Diesel is the newest member to our household.  He is a 13 week old Rottweiler puppy who is full of character and zest.  He is one of those puppies that even through his naughtiness, he makes you laugh.  So, every morning I do a training session with this boy.  We are working on a plethera of things such as; cooperative care, shaping skills, body awareness, confidence, and obedience skills.  One of the skills I highly value is a dog who can heel when asked.  So to set the stage for the story…Diesel and I have been working “value buidling” to heel position next to the loveseat in our basement, with the loveseat being the barrier.  Along with value buidling we have also been working on his ability to move into heel position using hand targets to prompt the behavior.  He has been doing so well the last several training sessions.  He quickly pops into position and also maintains there while I deliver anywhere from 5-10 cookies.  Due to this, I had the bright idea to begin taking one step next to the loveseat to teach him how to move with and stop next to me.  This worked GREAT…next to the loveseat.  And now comes the challange…so as I get to the end of the loveseat (which only allows for about two steps) I realize there is no where to go.  So as I look to my right I notice the entertainment stand.  Perfect! Right? …or…maybe not.  As I rotate to the entertainment stand I totally lose him.  He hops to the area rug, tries dashing to his “place” and then lies down and stairs at me, confused as ever.  In that moment, I tried to lure him back to heel to keep the exercise going and after two epic fails I realized, I haven’t generalized!!!  My own human error caused so much confusion for poor Diesel.  When I realized what I had done, I chuckled and told him “I know you are right”.  I hadn’t actually taught him how to move to heel and stay in heel in a variety of locations.  This was such a perfect reminder of how small you actually have to break training down to set your dog or puppy up for success.  Therefore, I thought it would be a great topic for our blog.  So, that brings up some common questions.  What is generalization, why should I generalize, and how do I generalize to benefit my dog?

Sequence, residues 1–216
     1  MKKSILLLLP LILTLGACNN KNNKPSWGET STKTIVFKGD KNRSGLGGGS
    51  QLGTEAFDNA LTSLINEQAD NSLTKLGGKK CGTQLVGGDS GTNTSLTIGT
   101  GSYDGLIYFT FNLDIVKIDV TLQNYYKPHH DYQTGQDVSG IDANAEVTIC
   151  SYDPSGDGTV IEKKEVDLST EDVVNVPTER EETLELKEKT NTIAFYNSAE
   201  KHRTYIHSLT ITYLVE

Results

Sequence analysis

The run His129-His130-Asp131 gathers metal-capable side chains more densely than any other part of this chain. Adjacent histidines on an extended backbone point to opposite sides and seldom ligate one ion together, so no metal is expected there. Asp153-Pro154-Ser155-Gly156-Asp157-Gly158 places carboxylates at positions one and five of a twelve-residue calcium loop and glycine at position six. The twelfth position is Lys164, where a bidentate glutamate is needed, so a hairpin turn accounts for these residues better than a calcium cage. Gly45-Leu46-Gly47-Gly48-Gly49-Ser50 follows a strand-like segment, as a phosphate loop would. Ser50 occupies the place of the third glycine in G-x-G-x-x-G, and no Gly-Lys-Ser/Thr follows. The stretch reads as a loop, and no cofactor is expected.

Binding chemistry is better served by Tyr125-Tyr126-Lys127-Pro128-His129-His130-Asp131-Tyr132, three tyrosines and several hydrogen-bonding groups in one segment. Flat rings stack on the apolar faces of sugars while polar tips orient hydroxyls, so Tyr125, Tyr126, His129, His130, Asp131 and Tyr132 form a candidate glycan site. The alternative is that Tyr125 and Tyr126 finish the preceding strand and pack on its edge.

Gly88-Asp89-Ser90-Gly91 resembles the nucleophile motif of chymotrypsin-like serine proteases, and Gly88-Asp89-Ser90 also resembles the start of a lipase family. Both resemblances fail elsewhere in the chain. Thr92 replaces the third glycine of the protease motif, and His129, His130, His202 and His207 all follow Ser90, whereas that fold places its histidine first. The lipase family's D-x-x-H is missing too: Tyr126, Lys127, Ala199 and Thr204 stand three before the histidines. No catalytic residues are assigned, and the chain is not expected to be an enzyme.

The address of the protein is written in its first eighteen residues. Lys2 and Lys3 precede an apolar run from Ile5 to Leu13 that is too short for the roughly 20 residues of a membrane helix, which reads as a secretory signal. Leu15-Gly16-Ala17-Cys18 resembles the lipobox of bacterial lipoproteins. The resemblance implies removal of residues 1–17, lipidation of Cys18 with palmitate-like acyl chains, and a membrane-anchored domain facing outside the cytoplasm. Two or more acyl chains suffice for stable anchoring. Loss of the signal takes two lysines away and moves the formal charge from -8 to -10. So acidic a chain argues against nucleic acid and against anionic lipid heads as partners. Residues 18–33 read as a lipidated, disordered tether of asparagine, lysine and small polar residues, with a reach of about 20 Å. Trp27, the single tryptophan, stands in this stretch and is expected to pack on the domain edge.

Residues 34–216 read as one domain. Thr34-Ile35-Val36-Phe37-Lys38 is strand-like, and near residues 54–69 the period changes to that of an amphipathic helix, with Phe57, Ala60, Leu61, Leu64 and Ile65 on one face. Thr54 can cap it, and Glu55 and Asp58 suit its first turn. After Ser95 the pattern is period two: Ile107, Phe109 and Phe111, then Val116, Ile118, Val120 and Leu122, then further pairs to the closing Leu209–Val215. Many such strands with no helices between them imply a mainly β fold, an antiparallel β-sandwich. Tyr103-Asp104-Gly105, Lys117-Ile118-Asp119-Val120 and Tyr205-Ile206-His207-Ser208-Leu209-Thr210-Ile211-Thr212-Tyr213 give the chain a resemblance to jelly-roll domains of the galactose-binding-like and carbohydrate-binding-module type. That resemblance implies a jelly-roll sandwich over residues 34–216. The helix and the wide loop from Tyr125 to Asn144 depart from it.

What is generalization?

Generalization is the act of teaching the same skill in a variety of locations and situations.  To give some real world examples.  This would be like teaching your dog to sit in your living room, then teaching them to sit in your driveway, then teaching them to sit while at the pet store, and so on.  Those examples are locations.  Then, you may look at situations.  This would include things such as, next to a family member, when there’s a guest in your home, in heel position next to you vs. in front facing you, when someone is bouncing a tennis ball, and much more!  The list goes on and on and on regarding the locations and situations you may find you and your dog in.  Teaching your dog to respond in the presence of distractions and in a variety of locations is generalizing.

Why should you generalize?

Generalization is a key factor in building reliability.   Many people want their dog to listen when a guest comes over, but never trains the dog in the presence of guests.  Or want their dog to listen in all situations but don’t train for all sitautions.  There is an element of discipline that occures when training your dog to a point of success in a variety of situations and taking the time to generalize is one of those elements.

How do I generalize?

You want to begin in small chunks.  Doing things like moving from one side of a room to another.  Every dog and puppy are going to have a different level of sensitivity to changes in their environment.  For example, in my story above, Diesel struggled with a change in location in the room, however, I could work with another puppy that it doesn’t seem to phase.  You always want to start small and work big.  That is going to be super important for protecting your puppy’s confidence.  And if you do take too large of a step (such as I did) then just take it back a notch or go back to a point of success and break things down smaller.

So to conclude with my training plan and how I plan to generalize heeling with Diesel.  I am going back to the basics.  I will pick 5 different locations and work value buidling and using hand targets to prompt him into position as if I am teaching it for the first time.  This is where many people fail, they choose to pick-up where the dog or puppy was in the previous location.  However, that is not the proper way to generalize.  Intead you would start as if your dog or puppy knows nothing with that behavior and teach them from scratch in the new location or sitaution.  This is where you have to stay disciplined as a human and your dog’s trainer and not get caught up in the feeling that you are going backwards, because your not!  You are just adding layers of competance and confidence for your dog or puppy and they will love you for it!

Renee Jetter started her career with dogs when she was 9 years old by volunteering for her local animal shelter in Boone, Iowa. By the young age of 12, Renee received the “Pets Choice Award” for her kindness and love of animals, in addition to her dedication and work ethic. Jetter has been professionally training dogs since her graduation from the Animal Behavior College in 2006. She has experience competing in obedience, training service dogs, conducting group classes and teaching private lessons.